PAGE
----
Gregory Katsas testifies before the Senate Judiciary Committee at his confirmation hearing on his nomination to be assistant attorney general in 2008. (Dennis Cook/AP)

President Trump tapped one of his White House lawyers Thursday for an open seat on the U.S. Court of Appeals for the District of Columbia Circuit, which often rules on important political cases involving executive power and government regulations.

Gregory G. Katsas, whose nomination requires confirmation by the Senate, has served as Trump’s deputy legal counsel since March, held senior posts at the Justice Department during the George W. Bush administration and was a law clerk for Supreme Court Justice Clarence Thomas.

If confirmed, Katsas would join a bench referred to as the nation’s second-highest court — because of its decisions on ­separation-of-powers issues and because it has been something of a pipeline to the Supreme Court, with three current justices having previously served on the D.C. Circuit.

Pending now before the court is President Barack Obama’s signature effort to combat global warming, the constitutionality of a key consumer watchdog agency and gun-control laws in the nation’s capital.

Katsas, 53, is considered a conventional conservative and would replace another conservative, retired judge Janice Rogers Brown, whose opinions were often infused with a libertarian streak.

Former colleagues describe Katsas as quirky and unassuming despite his intellect and legal credentials. He graduated from Princeton University, was an executive editor of the Harvard Law Review and was a clerk for Thomas at the D.C. Circuit in addition to the high court. Katsas has argued more than 75 appeals, according to the White House announcement, including the challenge to the Affordable Care Act at the Supreme Court.

Stephen Vladeck, a University of Texas law professor, said Katsas’s work at the Justice Department during the Bush administration and at the White House as Trump’s legal adviser suggests that he would be sympathetic to strong views of presidential power.

“There’s no question that he ticks all the most important ­boxes for government experience, but that experience is very pro-executive-branch,” Vladeck said.

In the aftermath of the Sept. 11, 2001, terrorist attacks, Katsas was deeply involved in high-level, sensitive policy decisions involving national security and civil rights.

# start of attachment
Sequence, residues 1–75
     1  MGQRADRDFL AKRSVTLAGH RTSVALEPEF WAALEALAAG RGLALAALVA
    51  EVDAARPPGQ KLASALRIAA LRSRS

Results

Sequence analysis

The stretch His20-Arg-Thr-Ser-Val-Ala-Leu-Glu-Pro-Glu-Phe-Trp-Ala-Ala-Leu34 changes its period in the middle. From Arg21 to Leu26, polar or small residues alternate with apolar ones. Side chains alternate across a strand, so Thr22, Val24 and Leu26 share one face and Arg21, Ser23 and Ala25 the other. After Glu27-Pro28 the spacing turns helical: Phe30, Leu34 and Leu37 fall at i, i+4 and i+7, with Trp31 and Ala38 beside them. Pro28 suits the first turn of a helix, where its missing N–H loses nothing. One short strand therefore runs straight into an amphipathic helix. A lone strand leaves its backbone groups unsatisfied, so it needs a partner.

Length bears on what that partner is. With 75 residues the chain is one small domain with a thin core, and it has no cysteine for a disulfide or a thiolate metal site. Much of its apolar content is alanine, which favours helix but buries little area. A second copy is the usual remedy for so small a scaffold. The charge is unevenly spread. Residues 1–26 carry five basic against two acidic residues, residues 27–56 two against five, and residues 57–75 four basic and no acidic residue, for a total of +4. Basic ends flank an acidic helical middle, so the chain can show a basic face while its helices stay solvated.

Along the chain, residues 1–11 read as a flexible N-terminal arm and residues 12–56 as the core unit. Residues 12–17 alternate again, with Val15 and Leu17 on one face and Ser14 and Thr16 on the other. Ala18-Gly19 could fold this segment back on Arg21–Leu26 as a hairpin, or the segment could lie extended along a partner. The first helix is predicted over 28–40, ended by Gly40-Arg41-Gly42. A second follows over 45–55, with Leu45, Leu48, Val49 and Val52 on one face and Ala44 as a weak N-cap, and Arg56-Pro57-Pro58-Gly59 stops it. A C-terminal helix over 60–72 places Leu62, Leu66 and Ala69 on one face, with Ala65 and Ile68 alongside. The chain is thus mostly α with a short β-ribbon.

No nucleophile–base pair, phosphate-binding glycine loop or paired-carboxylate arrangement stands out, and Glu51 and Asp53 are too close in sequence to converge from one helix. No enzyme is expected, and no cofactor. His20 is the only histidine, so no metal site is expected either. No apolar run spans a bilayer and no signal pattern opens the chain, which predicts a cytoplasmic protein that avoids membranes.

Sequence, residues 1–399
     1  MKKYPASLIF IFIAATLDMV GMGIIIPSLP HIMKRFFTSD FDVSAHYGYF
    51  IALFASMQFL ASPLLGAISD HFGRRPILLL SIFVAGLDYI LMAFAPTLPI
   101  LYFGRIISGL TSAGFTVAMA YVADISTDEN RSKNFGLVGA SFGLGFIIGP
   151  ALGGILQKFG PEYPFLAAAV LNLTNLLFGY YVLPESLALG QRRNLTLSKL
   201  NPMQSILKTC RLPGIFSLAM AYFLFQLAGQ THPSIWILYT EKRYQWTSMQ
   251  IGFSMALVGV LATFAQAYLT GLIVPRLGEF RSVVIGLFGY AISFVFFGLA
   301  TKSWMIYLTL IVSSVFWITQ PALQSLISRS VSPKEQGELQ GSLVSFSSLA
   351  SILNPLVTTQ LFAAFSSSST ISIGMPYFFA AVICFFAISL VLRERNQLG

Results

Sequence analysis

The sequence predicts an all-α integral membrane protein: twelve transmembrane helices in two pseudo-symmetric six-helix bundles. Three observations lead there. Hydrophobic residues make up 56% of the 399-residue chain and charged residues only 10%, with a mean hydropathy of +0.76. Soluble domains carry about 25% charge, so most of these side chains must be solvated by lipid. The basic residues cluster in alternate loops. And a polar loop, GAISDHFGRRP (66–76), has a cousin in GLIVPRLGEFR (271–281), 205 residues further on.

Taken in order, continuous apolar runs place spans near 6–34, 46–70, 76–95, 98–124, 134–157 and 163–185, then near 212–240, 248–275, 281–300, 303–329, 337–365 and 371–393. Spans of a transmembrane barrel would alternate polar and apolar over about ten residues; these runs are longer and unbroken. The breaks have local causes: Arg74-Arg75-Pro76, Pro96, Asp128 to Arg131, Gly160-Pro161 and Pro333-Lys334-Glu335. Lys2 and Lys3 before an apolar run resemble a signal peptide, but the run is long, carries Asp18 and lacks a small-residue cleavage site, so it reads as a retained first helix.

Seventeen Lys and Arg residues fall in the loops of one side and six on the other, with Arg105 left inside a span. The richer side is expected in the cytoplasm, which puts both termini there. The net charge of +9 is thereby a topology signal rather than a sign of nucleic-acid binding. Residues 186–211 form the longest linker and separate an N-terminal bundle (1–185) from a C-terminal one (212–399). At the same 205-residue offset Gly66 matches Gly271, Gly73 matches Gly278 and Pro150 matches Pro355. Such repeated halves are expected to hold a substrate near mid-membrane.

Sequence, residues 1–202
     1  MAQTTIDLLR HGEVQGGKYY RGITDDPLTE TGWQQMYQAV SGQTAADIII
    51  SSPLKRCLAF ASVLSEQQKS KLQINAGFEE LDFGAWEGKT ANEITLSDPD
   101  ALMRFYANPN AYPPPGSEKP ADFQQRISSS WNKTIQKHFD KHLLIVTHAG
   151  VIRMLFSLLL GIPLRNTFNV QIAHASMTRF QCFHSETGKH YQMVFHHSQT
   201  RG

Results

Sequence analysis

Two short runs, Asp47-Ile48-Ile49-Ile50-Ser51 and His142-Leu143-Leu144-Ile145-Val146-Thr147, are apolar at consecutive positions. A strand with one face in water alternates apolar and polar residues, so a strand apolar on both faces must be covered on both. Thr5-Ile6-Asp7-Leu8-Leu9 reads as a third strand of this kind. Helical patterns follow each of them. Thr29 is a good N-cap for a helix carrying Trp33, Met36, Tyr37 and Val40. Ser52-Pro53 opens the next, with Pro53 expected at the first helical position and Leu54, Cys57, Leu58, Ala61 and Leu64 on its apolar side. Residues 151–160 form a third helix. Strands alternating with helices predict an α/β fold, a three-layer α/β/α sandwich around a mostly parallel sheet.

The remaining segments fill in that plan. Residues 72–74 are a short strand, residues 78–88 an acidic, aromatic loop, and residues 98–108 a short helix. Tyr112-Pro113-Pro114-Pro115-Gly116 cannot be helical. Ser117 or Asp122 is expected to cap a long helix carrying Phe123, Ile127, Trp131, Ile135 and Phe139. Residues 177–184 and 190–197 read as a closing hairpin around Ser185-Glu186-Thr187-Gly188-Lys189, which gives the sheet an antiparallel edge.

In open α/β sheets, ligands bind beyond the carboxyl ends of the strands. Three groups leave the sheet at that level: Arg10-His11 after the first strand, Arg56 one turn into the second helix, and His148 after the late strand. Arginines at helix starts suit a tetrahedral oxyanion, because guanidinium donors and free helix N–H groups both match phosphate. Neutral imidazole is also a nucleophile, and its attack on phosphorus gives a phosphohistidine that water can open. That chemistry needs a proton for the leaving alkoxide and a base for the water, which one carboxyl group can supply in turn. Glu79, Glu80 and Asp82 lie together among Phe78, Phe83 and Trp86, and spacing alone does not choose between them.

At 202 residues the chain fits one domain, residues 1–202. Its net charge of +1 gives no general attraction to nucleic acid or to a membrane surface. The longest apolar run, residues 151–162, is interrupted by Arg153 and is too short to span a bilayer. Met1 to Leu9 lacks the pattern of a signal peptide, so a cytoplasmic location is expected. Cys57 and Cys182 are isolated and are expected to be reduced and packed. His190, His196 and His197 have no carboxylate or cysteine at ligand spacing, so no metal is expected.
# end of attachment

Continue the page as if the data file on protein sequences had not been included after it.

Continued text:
“Greg had to make all the hard calls,” said lawyer Robert Loeb, who worked with Katsas at the Justice Department on cases involving foreign detainees at the military prison at Guantanamo Bay, Cuba, and other matters.

“He was not a knee-jerk conservative. He was always thoughtful and balanced in his approach to the tough decisions,” Loeb said. “He always dug into the issues himself and sometimes ended up taking positions that did not make everyone in the White House or Defense Department happy.”

During the Obama administration, Republicans tried to block the president’s nominees to the D.C. Circuit, saying the court’s workload did not require Obama to fill all 11 seats. Obama eventually put four judges on the court.

In contrast, on Thursday, after Trump’s announcement, the conservative Judicial Crisis Network almost simultaneously unveiled a new website backing Katsas. The site details Katsas’s biography and includes more than a dozen statements of support from partners at Washington law firms, former U.S. attorney general Michael B. Mukasey and former White House counsel C. Boyden Gray.

Carrie Severino of the Judicial Crisis Network said Katsas “has shown he will honor the Constitution and fairly apply the law.” She described his nomination as “yet another example of President Trump’s commitment to nominating qualified, experienced constitutionalists to serve on the courts.”

Katsas lives in Falls Church, Va., with his wife and two children.

Correction: An earlier version of this report referred to the Judicial Crisis Network as the Judicial Action Network in one reference.